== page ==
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Seth Rogen as the Green Hornet: Superhero Slob

Only inertia will bring people to Michel Gondry’s 3-D spectacle, The Green Hornet. Opening amid persistent negative buzz in the mid-January dead zone, this long-germinating prospective franchise, based on a character that first saturated the nation’s radio waves in 1939, seems pretty much DOA—although in the absence of any competition, it’s a likely magnet for loose cash.

Rather than a $90 million Gondry head trip à la The Science of Sleep or Eternal Sunshine of the Spotless Mind, the largely retro-fitted 3-D action extravaganza is a $90 million Seth Rogen comedy (he stars and also co-wrote). The indestructible vehicle that the masked, crime-fighting Green Hornet (Rogen) drives is this eminently swat-able movie’s overly optimistic metaphor for itself. Gondry may specialize in fantasies about fantasy, but abandon all hope that The Green Hornet is a whimsically ramshackle blockbuster like the “sweded” remakes in his Be Kind Rewind. The Green Hornet provides a half-hour’s worth of mildly entertaining travesty before collapsing in a clamor of bombastic action sequences and lame wisecracks. As slapstick, the movie peaks early, with a frenzied slo-mo montage of the star’s frantic, drunken revelry, complete with projectile flying out the window of L.A.’s Standard Hotel.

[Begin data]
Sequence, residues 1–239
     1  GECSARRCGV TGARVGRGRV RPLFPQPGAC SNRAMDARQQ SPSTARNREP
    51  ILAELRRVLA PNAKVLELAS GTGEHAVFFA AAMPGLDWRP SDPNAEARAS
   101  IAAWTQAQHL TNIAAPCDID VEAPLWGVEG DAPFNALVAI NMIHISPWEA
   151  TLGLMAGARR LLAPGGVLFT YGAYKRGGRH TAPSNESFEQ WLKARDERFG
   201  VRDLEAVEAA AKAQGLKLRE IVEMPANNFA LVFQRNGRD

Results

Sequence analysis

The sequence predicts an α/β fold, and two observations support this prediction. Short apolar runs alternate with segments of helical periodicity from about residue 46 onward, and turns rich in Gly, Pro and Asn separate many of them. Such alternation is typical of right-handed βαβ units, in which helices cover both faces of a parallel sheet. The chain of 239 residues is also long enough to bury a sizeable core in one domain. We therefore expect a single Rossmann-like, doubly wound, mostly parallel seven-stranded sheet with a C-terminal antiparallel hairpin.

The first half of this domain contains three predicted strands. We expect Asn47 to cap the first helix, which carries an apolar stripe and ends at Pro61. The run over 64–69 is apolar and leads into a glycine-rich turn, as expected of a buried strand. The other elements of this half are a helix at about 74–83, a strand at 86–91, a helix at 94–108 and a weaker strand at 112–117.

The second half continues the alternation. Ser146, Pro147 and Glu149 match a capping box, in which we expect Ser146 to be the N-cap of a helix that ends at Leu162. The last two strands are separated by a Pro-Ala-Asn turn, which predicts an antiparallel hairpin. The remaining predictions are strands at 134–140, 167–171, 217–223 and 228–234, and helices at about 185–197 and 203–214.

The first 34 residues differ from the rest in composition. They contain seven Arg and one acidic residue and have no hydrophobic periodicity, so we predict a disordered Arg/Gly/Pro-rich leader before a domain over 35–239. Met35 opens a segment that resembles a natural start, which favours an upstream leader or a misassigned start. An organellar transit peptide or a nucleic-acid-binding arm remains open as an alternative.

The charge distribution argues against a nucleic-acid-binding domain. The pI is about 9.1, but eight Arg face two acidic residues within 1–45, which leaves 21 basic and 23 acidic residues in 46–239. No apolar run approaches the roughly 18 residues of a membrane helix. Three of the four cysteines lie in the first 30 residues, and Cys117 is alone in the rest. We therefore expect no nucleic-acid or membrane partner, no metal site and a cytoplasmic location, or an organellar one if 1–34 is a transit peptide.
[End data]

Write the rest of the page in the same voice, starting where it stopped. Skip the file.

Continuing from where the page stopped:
A sort of ass-backwards Henry IV, the narrative has something to do with the flagrantly irresponsible son of a crusading newspaper publisher redeeming himself, after Dad’s death, as a flagrantly irresponsible, costumed do-gooder—thanks largely to the help of his employees, the genius sidekick and “human Swiss Army knife” Kato (Chinese pop star Jay Chou) and the unnaturally intelligent looker he hires as his secretary (Cameron Diaz). Buried beneath the movie’s fat is the notion of a self-entitled white guy lording it over more talented lackeys. Working sometimes at cross-purposes, the three succeed in ridding Los Angeles of a local crime czar (Christoph Waltz) and crooked D.A. (David Harbour).

Who's the boss? Jay Chou takes control of the Green Hornet.
Jaimie Trueblood
Who's the boss? Jay Chou takes control of the Green Hornet.

Initially conceived by Kevin Smith, Rogen’s Green Hornet is not the first facetious costumed crime-fighter, but neither Robert Downey Jr.’s Iron Man nor Will Smith’s Hancock were as doggedly unattractive as this tubby denizen of Upper Slobovia. That the Green Hornet is also an incorrigible raging asshole provides most of the movie’s humor. At his loudmouthed best, Rogen’s ridiculous dude-isms and relentless self-justifying blather can suggest a proudly stupid Albert Brooks; at his worst, as when tirelessly (or is it tiresomely?) hitting on co-star Diaz, he’s simply Seth Rogen.